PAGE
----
Three Men in a Boat, Jerome K Jerome (1889)
Why, all our art treasures of to-day are only the dug-up commonplaces of three or four hundred years ago. I wonder if there is real intrinsic beauty in the old soup-plates, beer-mugs, and candle-snuffers that we prize so now, or if it is only the halo of age glowing around them that gives them their charms in our eyes. The “old blue” that we hang about our walls as ornaments were the common every-day household utensils of a few centuries ago; and the pink shepherds and the yellow shepherdesses that we hand round now for all our friends to gush over, and pretend they understand, were the unvalued mantel-ornaments that the mother of the eighteenth century would have given the baby to suck when he cried.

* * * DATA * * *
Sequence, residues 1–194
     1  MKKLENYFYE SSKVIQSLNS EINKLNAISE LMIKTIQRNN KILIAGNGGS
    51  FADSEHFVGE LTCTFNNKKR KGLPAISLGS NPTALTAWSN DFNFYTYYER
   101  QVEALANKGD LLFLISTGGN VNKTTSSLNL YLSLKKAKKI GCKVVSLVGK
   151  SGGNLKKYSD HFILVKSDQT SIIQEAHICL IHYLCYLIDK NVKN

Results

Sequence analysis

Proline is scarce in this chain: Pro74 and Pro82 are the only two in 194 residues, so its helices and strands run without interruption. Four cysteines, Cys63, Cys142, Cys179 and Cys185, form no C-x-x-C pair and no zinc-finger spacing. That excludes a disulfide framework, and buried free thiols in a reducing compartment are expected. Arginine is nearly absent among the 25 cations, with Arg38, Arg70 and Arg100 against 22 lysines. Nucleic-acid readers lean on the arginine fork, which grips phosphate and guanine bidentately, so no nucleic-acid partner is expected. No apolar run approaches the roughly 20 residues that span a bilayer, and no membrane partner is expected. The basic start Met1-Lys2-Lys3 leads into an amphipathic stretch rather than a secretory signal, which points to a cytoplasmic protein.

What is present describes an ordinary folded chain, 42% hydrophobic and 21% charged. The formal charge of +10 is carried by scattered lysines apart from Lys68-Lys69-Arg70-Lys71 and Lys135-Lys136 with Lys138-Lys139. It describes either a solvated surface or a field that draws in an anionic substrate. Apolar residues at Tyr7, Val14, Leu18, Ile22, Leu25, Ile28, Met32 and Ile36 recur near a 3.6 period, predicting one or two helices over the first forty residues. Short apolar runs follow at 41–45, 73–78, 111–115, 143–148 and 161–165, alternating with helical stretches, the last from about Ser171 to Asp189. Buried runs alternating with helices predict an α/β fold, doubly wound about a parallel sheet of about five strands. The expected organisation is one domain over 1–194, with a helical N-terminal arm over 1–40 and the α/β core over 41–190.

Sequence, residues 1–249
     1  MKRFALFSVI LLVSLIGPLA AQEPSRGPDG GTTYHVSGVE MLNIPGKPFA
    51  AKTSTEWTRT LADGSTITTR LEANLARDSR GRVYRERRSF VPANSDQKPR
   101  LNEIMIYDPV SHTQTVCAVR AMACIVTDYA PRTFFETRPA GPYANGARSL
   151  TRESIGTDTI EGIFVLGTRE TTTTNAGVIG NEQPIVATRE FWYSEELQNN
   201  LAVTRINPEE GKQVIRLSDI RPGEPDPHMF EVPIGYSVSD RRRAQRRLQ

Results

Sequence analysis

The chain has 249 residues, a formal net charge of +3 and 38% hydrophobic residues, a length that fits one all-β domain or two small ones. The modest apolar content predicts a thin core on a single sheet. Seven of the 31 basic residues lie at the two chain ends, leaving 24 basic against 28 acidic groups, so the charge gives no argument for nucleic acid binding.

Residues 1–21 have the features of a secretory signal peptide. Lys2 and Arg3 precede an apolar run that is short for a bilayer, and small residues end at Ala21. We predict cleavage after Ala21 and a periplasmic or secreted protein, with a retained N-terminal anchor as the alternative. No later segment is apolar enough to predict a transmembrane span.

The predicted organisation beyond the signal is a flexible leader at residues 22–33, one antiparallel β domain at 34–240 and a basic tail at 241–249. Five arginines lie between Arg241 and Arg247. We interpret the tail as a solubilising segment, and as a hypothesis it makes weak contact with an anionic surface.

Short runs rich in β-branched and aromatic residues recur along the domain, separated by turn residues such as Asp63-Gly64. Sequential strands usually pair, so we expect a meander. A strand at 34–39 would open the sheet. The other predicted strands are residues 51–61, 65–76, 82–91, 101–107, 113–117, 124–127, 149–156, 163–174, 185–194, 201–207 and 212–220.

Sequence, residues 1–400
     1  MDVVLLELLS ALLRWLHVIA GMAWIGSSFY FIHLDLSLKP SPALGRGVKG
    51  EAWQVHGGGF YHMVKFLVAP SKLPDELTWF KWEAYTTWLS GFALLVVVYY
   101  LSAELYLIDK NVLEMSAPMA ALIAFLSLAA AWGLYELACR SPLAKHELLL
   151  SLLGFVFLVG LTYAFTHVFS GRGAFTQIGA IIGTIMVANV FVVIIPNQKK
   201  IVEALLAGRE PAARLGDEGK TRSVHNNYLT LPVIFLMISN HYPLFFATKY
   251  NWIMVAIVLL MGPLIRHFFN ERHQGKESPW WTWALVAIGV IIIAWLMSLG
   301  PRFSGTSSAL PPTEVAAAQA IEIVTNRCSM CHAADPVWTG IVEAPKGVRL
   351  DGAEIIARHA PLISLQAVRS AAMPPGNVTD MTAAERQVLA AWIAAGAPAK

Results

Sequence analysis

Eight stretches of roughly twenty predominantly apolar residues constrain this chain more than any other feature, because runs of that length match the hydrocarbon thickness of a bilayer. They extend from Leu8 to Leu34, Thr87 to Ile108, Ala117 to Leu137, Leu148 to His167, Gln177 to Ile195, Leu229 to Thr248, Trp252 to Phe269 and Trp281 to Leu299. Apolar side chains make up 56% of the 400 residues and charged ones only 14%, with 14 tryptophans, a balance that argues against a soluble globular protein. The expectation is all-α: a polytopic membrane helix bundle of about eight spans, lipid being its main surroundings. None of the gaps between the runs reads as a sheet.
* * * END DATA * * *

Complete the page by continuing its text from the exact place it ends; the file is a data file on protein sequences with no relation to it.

Will it be the same in the future? Will the prized treasures of to-day
always be the cheap trifles of the day before? Will rows of our willow-
pattern dinner-plates be ranged above the chimney pieces of the great in the years 2000 and odd? …..
That china dog that ornaments the bedroom of my furnished lodgings. It is a white dog. Its eyes blue. Its nose is a delicate red, with spots.
Its head is painfully erect, its expression is amiability carried to
verge of imbecility. I do not admire it myself. Considered as a work of
art, I may say it irritates me. Thoughtless friends jeer at it, and even
my landlady herself has no admiration for it, and excuses its presence by the circumstance that her aunt gave it to her.
But in 200 years’ time it is more than probable that that dog will be dug up from somewhere or other, minus its legs, and with its tail broken, and will be sold for old china, and put in a glass cabinet. And people will pass it round, and admire it. They will be struck by the wonderful depth of the colour on the nose, and speculate as to how beautiful the bit of the tail that is lost no doubt was.